Praying to God that you may prosper and succeed in your individual roles and duties to each other, and in collective labour for Him within and without the house, is necessary. Prayer and labour must go together so that you may flourish in God’s purposes. To labour in the house and not pray, would be a life without God and His blessings. May it never be a case of “ye have not, because ye ask not” (James 4:2b). Pray at God’s mercy seat for each other’s spiritual progress, steadfastness and triumph over all temptations and trials. Pray also that you will be a blessing to the other and, together, a blessing to the rest of the family and to God’s people everywhere.
- A commitment to show benevolence to each other: “Let the husband render unto the wife due benevolence: and likewise also the wife to the husband” (1 Corinthians 7.3). What precisely is “due benevolence”? The word ‘due’ literally refers to a payment of the debt due or an obligation of duty that is due. What debt (or duty) does the husband and wife owe to each other? Benevolence! [Some modern English versions of the Bible omit this word. The Greek word for “benevolence” (εὔνοια) is specifically mentioned in the Textus Receptus (Majority Text) of the Greek New Testament]. “Benevolence” is deep-felt love towards the other in action through kind deeds. Due benevolence is a debt of goodwill or kindness in action.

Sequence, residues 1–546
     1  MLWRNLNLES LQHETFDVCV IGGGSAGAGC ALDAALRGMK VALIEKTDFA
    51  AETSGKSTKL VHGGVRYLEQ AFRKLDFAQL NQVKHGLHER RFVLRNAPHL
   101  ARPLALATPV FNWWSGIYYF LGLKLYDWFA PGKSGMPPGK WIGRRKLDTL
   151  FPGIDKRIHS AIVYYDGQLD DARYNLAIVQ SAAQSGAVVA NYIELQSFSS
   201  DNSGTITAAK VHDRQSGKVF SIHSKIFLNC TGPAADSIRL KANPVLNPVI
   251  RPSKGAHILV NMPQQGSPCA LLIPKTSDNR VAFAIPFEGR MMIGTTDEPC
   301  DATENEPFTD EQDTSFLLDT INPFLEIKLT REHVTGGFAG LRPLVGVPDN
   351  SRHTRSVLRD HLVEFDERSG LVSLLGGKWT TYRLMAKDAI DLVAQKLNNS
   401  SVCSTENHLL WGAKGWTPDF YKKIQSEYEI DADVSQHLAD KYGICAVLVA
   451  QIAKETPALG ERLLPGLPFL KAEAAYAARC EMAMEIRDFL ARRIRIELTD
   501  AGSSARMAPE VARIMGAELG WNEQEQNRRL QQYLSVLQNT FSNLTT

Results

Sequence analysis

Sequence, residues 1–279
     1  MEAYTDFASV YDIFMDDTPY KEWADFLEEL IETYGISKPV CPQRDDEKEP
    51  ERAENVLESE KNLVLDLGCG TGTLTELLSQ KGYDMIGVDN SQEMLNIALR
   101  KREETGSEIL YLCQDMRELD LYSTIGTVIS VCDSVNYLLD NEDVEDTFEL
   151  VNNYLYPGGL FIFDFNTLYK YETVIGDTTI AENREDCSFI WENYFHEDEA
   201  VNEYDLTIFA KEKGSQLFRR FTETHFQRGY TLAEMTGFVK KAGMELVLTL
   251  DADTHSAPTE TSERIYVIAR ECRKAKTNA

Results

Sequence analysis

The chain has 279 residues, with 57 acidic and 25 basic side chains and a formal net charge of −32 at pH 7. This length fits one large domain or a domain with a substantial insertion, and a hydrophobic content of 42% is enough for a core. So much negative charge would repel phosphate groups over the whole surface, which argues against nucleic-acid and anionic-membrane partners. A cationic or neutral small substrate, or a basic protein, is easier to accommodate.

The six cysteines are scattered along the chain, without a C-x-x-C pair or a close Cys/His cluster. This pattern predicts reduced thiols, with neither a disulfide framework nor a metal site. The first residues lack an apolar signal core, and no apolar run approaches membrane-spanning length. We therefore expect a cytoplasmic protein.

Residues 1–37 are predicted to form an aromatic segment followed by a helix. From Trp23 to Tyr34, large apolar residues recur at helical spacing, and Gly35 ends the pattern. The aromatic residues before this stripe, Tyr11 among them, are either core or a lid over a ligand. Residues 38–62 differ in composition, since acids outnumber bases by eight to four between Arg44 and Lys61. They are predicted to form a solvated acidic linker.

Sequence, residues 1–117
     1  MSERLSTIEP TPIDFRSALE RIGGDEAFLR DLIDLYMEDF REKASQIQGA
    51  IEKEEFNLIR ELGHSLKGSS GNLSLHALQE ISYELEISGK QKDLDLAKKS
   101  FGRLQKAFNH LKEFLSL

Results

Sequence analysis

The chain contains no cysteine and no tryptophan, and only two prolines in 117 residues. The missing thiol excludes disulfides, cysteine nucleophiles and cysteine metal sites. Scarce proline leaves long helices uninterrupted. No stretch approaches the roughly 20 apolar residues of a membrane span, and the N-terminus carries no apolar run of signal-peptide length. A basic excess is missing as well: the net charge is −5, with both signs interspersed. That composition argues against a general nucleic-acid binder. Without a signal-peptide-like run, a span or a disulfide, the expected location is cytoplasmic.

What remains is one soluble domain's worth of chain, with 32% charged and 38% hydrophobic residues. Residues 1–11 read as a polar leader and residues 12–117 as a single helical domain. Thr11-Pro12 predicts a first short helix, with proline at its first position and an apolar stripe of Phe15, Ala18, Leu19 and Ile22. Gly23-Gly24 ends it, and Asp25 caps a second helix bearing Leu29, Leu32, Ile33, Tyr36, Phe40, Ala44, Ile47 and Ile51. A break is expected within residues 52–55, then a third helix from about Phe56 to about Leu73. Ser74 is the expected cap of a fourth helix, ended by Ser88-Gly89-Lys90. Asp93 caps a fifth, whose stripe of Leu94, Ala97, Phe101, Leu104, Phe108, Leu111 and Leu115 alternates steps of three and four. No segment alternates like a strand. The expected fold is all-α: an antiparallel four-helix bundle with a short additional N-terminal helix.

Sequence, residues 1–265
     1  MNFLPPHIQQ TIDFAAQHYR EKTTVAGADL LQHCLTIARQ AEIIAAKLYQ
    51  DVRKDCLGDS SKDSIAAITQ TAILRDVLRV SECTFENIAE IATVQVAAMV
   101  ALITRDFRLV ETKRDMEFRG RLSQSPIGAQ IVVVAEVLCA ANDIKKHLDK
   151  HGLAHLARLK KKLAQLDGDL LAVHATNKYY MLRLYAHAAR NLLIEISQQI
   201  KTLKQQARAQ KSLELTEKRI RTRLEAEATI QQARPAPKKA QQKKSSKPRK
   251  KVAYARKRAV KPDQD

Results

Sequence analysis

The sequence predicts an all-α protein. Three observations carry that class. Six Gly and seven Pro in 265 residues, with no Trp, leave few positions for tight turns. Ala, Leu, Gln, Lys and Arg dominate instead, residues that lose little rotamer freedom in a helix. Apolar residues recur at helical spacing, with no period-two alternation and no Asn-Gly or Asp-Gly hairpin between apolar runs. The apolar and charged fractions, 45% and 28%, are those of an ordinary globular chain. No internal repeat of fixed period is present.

Christian husbands and wives must know their biblical debts or duties, and readily and joyfully render them to each other. Both husband and wife should focus on their own God-given duties to the other. The mutual duties of the married couple are far more than engaging in a sexual relationship; they also entail a mutual rendering of loving concern, submission, reverence, care, meekness, forgiveness, etc. It is a two-way debt. None should leave his or her spouse to care for himself or herself. God has given every married individual the duty of loving and caring for the spouse. They have a mutual debt to encourage, correct, comfort, provide for, guide and protect each other. In these days, far too little help flows from one towards the other. More and more understanding, awareness, companionship and support should be extended to each other. Many married couples spend their time and energy pursuing fortune, fitness and fame. Their sentiments are not sufficiently directed to each other as taught by Scripture concerning the building up of each other and of their relationship in the Lord. Misspent emotions and energy render them incapable of genuine love and powerless to pay due benevolence to each other. Thus, many marriages are deprived of marital joys, harmony and peace. Ask yourself, “Do I make my wife or my husband happy?” This is an essential part of the benevolence which is due. “Do I do my part to make my family life peaceable, enjoyable and pleasant?” “Do I provide companionship and friendship that are sanctifying, pleasing and uplifting to my spouse?”
May all Christian husbands and wives cultivate a divine sense of duty to the other whom He has provided for them to love and cherish. Let there be mutual appreciation and never-failing fondness and courtesy. With unceasing acts of sacred love and kindness towards each other, let us strengthen our marital union for the glory of our Saviour, Jesus Christ.